2. They are great to the community (readers and critics).  If you don't believe me, then poke your head into their Robot Army.
They are what all traditional publishers should strive to be.  Right now, publishing is going through an insane transition period.  E-books are changing the way the business works, and old models are crumbling.  Angry Robot Books, I'd like to think, is the answer.

Best Magazine of 2010 -- (new category)
Anyone who follows me on Twitter probably already knows which magazine I cannot get enough of these days.  It's the only magazine that consistently publishes amazing content, pays careful attention to the production quality of each issue (the thing is beautiful), and has great fiction and great non-fiction.  Which magazine am I talking about?
It's simply the best magazine, print or otherwise, right now.  If you're not subscribed, then you need to get on top of that right away.

Best Cover of 2010
A lot of wonderful covers came out last year, but I have to go with the work (and artist) that I simply cannot get enough of:  Stephan Martiniere for the cover for Pirate Sun by Karl Schroeder.
I haven't read the book, but the cover art sure as hell makes me want to.

The 2010 Kudos Award
There were a number of people last year who really did great things for the genre, from bloggers to authors to everyday readers.  The great thing about the Internet is that it is making it easier every year to participate in the community and add something to it.  It used to be that most people were fans, and only a few fans did something to make the community better (other than read the genre or attend conventions).  Now people are improving the community on a daily basis.  We're having more conversations, thinking about serious issues for the genre, and so on.

For 2010, the award goes to this beautiful fellow:
I'm Lavie Tidhar, and I'm awesome.
Why?  Because of the World SF Blog.  True, the blog has been around since 2009, but in 2010 it really came into its own, covering a wide range of important regions, topics, and so forth.  And that's one of the things we really need in the genre community these days:  more discussion of genre outside of traditional spheres.

Runners up:  Jonathan Dotse for AfroCyberpunk, Mark Charan Newton, and Jason Sanford.

Best Writer of 2010
Jason Sanford.  Hands down.  In the last year, I've read a half dozen or so of his stories and have never been disappointed (including his older works, like "Sublimation Angels" and "The Ships Like Clouds, Risen By Their Rain").  Notable stories from 2010 include "Into the Depths of Illuminated Seas" and "Plague Birds."

Plus, he's got this spiffy mug-shot from when he was suspected of smuggling tribbles by the Galactic Bureau of Investigation (a.k.a. GBI, or Gibby as we like to call it).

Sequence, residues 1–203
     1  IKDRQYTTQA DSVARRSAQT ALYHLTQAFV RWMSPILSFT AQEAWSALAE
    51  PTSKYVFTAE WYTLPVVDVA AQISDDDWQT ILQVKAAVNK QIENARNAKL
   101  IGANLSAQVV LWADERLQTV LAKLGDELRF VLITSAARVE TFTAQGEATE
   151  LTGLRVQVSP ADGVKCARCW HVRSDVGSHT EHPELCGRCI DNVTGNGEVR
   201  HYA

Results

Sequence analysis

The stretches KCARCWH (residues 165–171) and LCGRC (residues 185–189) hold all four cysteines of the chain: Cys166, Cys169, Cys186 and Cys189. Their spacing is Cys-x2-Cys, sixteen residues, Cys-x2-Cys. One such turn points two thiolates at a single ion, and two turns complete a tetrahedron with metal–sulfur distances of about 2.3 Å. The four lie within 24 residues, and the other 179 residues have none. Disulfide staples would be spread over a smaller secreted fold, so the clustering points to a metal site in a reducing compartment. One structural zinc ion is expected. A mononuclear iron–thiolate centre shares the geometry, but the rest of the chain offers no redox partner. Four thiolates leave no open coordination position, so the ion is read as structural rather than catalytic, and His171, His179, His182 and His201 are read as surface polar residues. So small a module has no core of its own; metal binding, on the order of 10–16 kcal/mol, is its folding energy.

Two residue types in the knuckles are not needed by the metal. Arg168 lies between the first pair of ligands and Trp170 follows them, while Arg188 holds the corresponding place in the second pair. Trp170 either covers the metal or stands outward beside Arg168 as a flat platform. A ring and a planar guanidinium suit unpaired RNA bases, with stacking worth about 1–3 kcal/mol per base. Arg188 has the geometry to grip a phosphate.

Okay, so I made that up, but he's still a damn fine writer.  He is also a writer who has contributed in significant ways to discussions of literature, genre, and so on.  His blog is fantastic in that regard, which is why he is also a runner up for the Kudos Award.

Worst Writer of 2010 The 2010 Wappa Wappa Wa Award (i.e. Worst Person Who Happens to be a Published Writer Award)
It seems like every year that I can pick the winner of this award without really thinking about it.  A year hasn't gone by that someone hasn't shoved their foot so far down their throats that they can still walk on it.  The Internet does crazy things to writers, don't you agree?

That's why Elizabeth Moon deserves the award so clearly.  It's not that she said something controversial about Muslims and citizenry; it's that she did it, found out she was wrong about a lot of things, and then never backtracked like anyone with integrity would do.  You can get the gist of the shitstorm here (and in the link within that post), along with a few related bits that cropped up here and here.
That doesn't mean I agree with everything that happened to her (like the WisCon dis-invitation), but she did shove that foot pretty deep.  Whether she's walking on it is anyone's guess.

(Note:  Because there seems to be some confusion for this award, I'd like to clarify that the Worst Writer Award is given to writers who negatively contribute to the community.  That has always been the case.  For me, the argument about keeping an author's politics separate from their writing ends when that writer begins using their popularity to funnel disturbing ideologies into the SF/F community.)

(Note #2:  I've changed the name of the award, since Adam has kindly pointed out that there is some understandable confusion here because I also give out a Best Writer Award which does focus on the writing--the Worst Writer Award did/does not.  So, from now on, this award will be known as the Wappa Wappa Wa Award, which will focus on people who are writers of some form or another who have done something negative in the SF/F community.  Hopefully that will clear up the confusion.)


And there you go.  The WISB Awards for 2010 are done!  What would you have added or changed and why?  Let me know in the comments.

Related Posts by Categories

Widget by Hoctro | Jack Book


  1. Elizabeth Moon may have been wrong in her personal life, but shouldn't a worst writer award be based, ya know, on writing?

  2. That's not what the award is given for. Never has been. It's always been for worst writer in terms of their engagement in the community. If I were to choose worst writer, I'd pretty much have to pick self-publishers every time, and that's not interesting.

  3. Anonymous12:53 PM

    Frankly, no matter what the situation, a worst writer award shows seems cruel on your part. Worst book, fine, but worst writer? C'mon.

  4. I suppose. I've had it for years, and the selections are usually fairly obvious. But so be it. It's the only negative aware on the list. Figures that's the one that everyone is latching onto :P.